Search This Blog

Friday, December 2, 2011

The Catholic Family....

I was reading a blog post by Shawn Tribe over at The New Liturgical Movement and I started reflecting on the Catholic is what my thoughts are;

I think that by and large the Catholic family from the 1920s-1950s in America got it, from a Catholic point of view.  They had large families, they were devotional, they went to Mass and they understood that giving a child to the Church, as either a priest or religious (or sometimes both) was not only a duty, but desirable.

I  think that this is one of the great acts of charity that a family can give.  I also think that it could not have happened if families during this time were not "liturgical" in their daily lives.  Families prayed together, went to Mass together and went to devotions together.  All of these things led to vocations.

Parents encouraged things like altar boy corps for their sons and sodalities for their daughters.  Fathers were part of the Men's Club (which often times were ushers) or KofC and mothers were part of the Legion of Mary or the Altar and Rosary Society.  The lives of Catholics revolved around being Catholic.

In my humble opinion (even though it may not seem so), I think that this is what we need to be promoting for the family.  This idea of the liturgical life of the family extends way beyond just praying Grace and going to Mass on Saturday night or Sunday morning.  It also means adding a rosary weekly (or daily) to the routine.  It means adding the Angelus to mealtime prayers (it's the easiest way to make sure it gets done).  It means holding fast to being active in the parish from an early age.

I think that there are three things which really undermined the whole "liturgical life" of the family since the 1960s;

1.  Birth Control/Abortion  --  When the family unit shrunk, the idea of giving a child to the priesthood or religious life went away.  Parents want to be grandparents.  That can't happen when there is only 1 boy and 1 girl in the family.  They expect the kids to both marry and give them grandchildren.

2.  The reductionist view of the Mass (via the Novus Ordo reforms)  --  The sad fact is that during the heyday of the Novus Ordo reforms, people quit going to Mass.  It ceased to be, for a majority of people what it once was.  And with a deficient catechetical model, the Novus Ordo has never come close to any sort of authentic and innate understanding in the way that the TLM had.  Even today, many people comment that their first experience with the TLM is Catholic.  How many say that about the Novus Ordo the first time they assist there?  It isn't nearly the same.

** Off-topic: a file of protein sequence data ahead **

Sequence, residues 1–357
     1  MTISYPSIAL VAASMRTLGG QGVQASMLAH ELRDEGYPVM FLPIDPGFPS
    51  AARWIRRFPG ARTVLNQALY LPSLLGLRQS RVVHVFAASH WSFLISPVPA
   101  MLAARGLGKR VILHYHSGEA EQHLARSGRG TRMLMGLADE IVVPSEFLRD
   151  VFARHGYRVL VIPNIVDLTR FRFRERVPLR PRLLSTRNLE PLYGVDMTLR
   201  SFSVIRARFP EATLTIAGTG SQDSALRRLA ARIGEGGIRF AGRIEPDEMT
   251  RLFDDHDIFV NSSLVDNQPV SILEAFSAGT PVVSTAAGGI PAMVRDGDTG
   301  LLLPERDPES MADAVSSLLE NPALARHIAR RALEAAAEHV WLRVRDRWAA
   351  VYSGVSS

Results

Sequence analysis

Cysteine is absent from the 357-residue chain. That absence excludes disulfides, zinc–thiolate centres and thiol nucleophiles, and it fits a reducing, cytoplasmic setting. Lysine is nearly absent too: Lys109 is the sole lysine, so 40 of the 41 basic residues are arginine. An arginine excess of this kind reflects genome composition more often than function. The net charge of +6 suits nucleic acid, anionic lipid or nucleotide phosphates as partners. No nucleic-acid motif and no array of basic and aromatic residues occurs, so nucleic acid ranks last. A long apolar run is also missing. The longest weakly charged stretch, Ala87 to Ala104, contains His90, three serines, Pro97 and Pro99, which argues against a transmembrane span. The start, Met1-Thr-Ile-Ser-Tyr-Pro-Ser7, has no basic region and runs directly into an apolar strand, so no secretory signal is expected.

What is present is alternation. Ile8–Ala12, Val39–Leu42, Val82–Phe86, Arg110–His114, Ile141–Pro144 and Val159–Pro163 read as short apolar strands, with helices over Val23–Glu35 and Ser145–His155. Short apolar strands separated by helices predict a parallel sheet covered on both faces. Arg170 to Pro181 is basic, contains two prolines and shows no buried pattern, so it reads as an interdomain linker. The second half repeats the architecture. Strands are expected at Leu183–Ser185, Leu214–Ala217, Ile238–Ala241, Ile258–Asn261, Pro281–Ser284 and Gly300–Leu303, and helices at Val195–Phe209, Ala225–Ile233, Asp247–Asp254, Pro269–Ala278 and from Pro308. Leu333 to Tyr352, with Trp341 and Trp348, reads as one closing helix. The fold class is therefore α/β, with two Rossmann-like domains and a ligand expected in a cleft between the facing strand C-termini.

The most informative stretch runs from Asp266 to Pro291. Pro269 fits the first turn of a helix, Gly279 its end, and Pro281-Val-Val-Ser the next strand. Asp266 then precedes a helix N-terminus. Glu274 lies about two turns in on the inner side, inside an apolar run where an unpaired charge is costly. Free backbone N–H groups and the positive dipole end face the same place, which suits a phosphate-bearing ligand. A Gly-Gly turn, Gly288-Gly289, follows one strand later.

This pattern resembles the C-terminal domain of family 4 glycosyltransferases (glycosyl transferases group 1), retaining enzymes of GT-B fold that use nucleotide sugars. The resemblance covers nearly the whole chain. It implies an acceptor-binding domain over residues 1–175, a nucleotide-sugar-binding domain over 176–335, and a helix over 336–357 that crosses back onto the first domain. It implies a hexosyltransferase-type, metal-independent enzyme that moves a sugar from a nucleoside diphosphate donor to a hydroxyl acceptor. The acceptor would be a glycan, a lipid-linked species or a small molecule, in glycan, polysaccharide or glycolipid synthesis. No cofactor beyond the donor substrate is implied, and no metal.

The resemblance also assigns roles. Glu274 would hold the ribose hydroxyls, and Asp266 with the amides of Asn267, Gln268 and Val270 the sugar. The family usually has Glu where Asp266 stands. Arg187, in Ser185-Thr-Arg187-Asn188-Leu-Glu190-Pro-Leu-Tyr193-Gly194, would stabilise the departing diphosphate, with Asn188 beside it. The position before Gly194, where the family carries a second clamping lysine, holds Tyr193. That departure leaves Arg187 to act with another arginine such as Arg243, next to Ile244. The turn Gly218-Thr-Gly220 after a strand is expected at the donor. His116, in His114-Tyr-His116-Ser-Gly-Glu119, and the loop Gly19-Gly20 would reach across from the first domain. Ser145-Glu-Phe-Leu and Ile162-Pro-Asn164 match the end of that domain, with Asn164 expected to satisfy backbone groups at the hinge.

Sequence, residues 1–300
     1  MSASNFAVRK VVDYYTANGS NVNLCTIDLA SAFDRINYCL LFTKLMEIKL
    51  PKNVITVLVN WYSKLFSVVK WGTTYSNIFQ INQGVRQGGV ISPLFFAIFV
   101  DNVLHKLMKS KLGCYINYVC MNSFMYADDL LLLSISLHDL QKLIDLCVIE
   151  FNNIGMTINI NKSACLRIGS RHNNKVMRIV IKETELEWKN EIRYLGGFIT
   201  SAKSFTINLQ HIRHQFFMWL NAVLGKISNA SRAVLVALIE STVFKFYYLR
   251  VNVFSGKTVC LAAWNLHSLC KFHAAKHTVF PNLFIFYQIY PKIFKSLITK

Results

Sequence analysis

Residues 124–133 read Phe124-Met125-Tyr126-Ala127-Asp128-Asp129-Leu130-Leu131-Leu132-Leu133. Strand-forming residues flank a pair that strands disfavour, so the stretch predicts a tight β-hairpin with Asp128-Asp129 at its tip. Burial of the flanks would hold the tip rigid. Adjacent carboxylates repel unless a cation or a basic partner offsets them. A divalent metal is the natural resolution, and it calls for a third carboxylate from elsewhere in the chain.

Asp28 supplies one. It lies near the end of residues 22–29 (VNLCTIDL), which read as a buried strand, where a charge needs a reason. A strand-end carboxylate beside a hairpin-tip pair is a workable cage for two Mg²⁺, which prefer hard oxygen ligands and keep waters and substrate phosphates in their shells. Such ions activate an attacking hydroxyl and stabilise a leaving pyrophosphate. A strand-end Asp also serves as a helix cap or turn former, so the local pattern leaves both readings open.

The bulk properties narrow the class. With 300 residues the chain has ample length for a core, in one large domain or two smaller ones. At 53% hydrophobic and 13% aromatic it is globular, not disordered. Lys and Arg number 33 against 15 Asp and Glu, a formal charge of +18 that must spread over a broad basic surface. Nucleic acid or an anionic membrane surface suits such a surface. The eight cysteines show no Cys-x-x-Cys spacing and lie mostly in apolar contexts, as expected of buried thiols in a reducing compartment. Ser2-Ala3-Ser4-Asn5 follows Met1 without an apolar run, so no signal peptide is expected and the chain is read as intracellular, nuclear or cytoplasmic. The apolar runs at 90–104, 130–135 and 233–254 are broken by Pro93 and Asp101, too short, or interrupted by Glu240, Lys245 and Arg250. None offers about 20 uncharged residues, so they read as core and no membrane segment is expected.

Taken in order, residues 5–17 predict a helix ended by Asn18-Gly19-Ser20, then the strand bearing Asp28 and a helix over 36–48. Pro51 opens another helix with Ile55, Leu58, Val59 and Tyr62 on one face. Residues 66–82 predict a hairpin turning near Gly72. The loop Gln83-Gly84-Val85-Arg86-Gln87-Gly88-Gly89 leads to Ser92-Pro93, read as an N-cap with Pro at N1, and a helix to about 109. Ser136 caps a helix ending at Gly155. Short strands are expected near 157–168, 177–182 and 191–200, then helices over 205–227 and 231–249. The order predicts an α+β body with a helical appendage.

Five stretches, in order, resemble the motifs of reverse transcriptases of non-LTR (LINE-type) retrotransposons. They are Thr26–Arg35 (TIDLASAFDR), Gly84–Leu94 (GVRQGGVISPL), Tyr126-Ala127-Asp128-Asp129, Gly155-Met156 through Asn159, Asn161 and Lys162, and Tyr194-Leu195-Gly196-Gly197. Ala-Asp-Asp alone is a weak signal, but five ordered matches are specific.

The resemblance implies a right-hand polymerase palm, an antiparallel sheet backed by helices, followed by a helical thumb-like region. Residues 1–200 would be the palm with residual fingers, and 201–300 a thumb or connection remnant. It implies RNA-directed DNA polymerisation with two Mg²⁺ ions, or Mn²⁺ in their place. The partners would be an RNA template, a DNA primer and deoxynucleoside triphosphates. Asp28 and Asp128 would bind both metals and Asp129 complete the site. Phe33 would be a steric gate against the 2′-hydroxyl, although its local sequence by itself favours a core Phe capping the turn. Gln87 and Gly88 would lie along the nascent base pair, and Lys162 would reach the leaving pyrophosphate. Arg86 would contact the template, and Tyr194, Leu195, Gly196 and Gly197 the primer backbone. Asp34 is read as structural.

3.  The admittance of female altar servers  --  When boys are taken out of the sanctuary,  they stop thinking about becoming a priest or religious.  How many seminarians count being an altar boy as one of their main reasons for trying their vocation?  How many girls who have  left for the the convent say the same thing?  It's interesting...the vast majority of seminarians do list being an altar boy as an influence, but very few girls do.  What kind of a message is that sending?  Boys need to be put back into the sanctuary, so they can be put back into the seminary.  Sodalities are set up to give girls a view of what community life is like and that fosters vocations to the religious life.  It's really sad that we've lost that perspective.

I think that if we as Catholics are looking at how to recover the liturgical life in our Church, we'd be well served to not only re-evaluate these three issues, but also to get involved with the parish in the traditional roles to which we are best served and which allow us to best serve.  This comes first with an understanding that gender roles are not hermaphroditic.  Women are called to a different role in the Church than men.  This isn't sexist or limiting, but rather, this is empowering one to live their Catholic life to the fullest in the most authentic way.  Authenticity, by the way, isn't a subjective thing.  It is in it's truest Catholic sense objective.  Knowing and embracing this will lead to an inner freedom and clarity of purpose that has not been seen since the mid 1960s, in both the Catholic family and the larger Catholic community.

Obviously, this is presented from an American point of view, the European model may be different, but I can say this with all honesty....if we follow a model close to this, we'll be in a much better place liturgically and vocationally.

There was a heyday for Catholic life in America and this is how it was done, by and large.

No comments:

Post a Comment